Terms: Win | Units: 5 | UG Reqs: GER:DB-Hum, GER:EC-GlobalCom, WAY-A-II | Grading: Letter (ABCD/NP)
Instructors: Carter, S. (PI)

JAPANGEN 124: Manga as Literature

Analysis of representative manga as narratives that combine verbal and visual elements, with attention to historical and cultural background. Representative manga by Tezuka Osamu, Tatsumi Yoshihiro, Koike Kazuo, Taniguchi Jiro, Natsume Ono, Kono Fumiyo, and others. All readings in English.
Terms: Win | Units: 3-5 | UG Reqs: GER:DB-Hum, WAY-A-II | Grading: Letter or Credit/No Credit
Instructors: Carter, S. (PI)

JAPANGEN 126: The Vampire in Anime

Analysis of anime where vampires play central roles as characters and/or in plot development. Comparison of character and plot development within anime series and Western vampire literature will be the main focus; attention will also be paid to the development of the vampire as a literary and film character in the West, the conception of the supernatural in Japanese culture, and the points of similarity and difference between the two.
Terms: Spr | Units: 3-4 | Grading: Letter or Credit/No Credit
Instructors: Harrison, L. (PI)

JAPANGEN 133: Japanese Media Culture (JAPANGEN 233)

Explores cultural aspects of contemporary media in Japan, including television, cassette tape, video games, digital media, and the internet. How these new media cultures have challenged existing aesthetics, shifted social norms, restructured media industries, and generated new forms of personal expression. Impact on older media like film and the novel.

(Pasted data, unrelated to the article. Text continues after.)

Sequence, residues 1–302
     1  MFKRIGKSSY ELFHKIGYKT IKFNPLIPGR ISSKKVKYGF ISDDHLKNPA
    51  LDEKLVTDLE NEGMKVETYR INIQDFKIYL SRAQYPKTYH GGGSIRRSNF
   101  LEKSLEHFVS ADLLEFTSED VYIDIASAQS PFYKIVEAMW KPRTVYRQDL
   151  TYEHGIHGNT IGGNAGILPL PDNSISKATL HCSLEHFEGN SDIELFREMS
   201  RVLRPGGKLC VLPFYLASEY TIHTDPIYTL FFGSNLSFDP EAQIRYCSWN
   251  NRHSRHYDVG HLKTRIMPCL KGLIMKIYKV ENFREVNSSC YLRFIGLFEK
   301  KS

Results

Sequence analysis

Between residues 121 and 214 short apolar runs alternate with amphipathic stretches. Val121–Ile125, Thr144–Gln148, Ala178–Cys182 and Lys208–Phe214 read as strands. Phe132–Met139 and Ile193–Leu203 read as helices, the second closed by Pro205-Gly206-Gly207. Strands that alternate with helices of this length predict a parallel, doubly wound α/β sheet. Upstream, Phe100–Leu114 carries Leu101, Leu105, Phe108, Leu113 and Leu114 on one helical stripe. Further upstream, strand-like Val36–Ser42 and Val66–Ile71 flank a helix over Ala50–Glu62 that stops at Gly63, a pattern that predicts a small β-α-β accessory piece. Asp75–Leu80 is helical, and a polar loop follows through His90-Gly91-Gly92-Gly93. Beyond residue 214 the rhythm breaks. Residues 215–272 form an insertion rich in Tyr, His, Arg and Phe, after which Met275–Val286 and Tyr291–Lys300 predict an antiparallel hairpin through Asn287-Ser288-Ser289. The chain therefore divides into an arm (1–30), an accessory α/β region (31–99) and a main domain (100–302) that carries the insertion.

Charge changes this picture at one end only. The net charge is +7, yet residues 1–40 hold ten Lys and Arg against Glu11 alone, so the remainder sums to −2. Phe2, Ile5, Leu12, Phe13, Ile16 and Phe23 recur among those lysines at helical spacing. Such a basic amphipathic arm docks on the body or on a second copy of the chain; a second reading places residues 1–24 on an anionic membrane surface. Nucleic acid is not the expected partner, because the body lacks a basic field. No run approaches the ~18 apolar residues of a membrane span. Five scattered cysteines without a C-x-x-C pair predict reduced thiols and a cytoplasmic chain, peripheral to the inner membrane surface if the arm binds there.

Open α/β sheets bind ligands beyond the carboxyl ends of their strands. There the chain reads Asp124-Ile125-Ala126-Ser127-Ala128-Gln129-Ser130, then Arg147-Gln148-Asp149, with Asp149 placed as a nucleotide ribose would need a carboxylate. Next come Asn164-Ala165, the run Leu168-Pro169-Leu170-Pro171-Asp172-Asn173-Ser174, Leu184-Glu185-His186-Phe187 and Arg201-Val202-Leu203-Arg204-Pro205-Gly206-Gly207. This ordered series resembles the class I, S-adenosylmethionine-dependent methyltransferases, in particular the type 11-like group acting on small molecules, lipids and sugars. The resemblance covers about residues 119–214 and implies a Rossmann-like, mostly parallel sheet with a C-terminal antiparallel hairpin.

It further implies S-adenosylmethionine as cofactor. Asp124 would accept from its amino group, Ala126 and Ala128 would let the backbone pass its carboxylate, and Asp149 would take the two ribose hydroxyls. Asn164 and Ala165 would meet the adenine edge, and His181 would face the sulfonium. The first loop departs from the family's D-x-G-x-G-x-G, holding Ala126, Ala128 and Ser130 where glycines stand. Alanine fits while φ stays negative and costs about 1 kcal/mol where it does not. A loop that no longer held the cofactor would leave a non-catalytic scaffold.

Terms: Spr | Units: 3-5 | Grading: Letter or Credit/No Credit
Instructors: Roquet, P. (PI)

JAPANGEN 138: Introduction to Modern Japanese Literature and Culture (JAPANGEN 238)

This class introduces key literary texts from Japan's modern era (1868-present), locating these works in the larger political, social, and cultural trends of the period. Primary texts include: Futabatei Shimei's Floating Clouds, Higuchi Ichiyô's Child's Play, Natsume Sôseki's Kokoro, Kobayashi Takiji's Cannery Boat, Ôe Kenzaburô's The Catch, and Yoshimoto Banana's Kitchen. Examination of these literary works will be contextualized within larger political trends (e.g., the modernization program of the Meiji regime, the policies of Japan's wartime government, and postwar Japanese responses to the cold war), social developments (e.g., changing notions of social class, the women's rights movement, and the social effects of the postwar economic expansion), and cultural movements (e.g., literary reform movement of the 1890s, modernism of the 1920s and 30s, and postmodernism of the 1980s). The goal of the class is to use literary texts as a point of entry to understand the grand narrative of Japan's journey from its tentative re-entry into the international community in the 1850s, through the cataclysm of the Pacific War, to the remarkable prosperity of the bubble years in the 1980s.
Terms: Spr | Units: 3-4 | UG Reqs: GER:DB-Hum, GER:EC-GlobalCom, WAY-A-II | Grading: Letter (ABCD/NP)
Instructors: Reichert, J. (PI)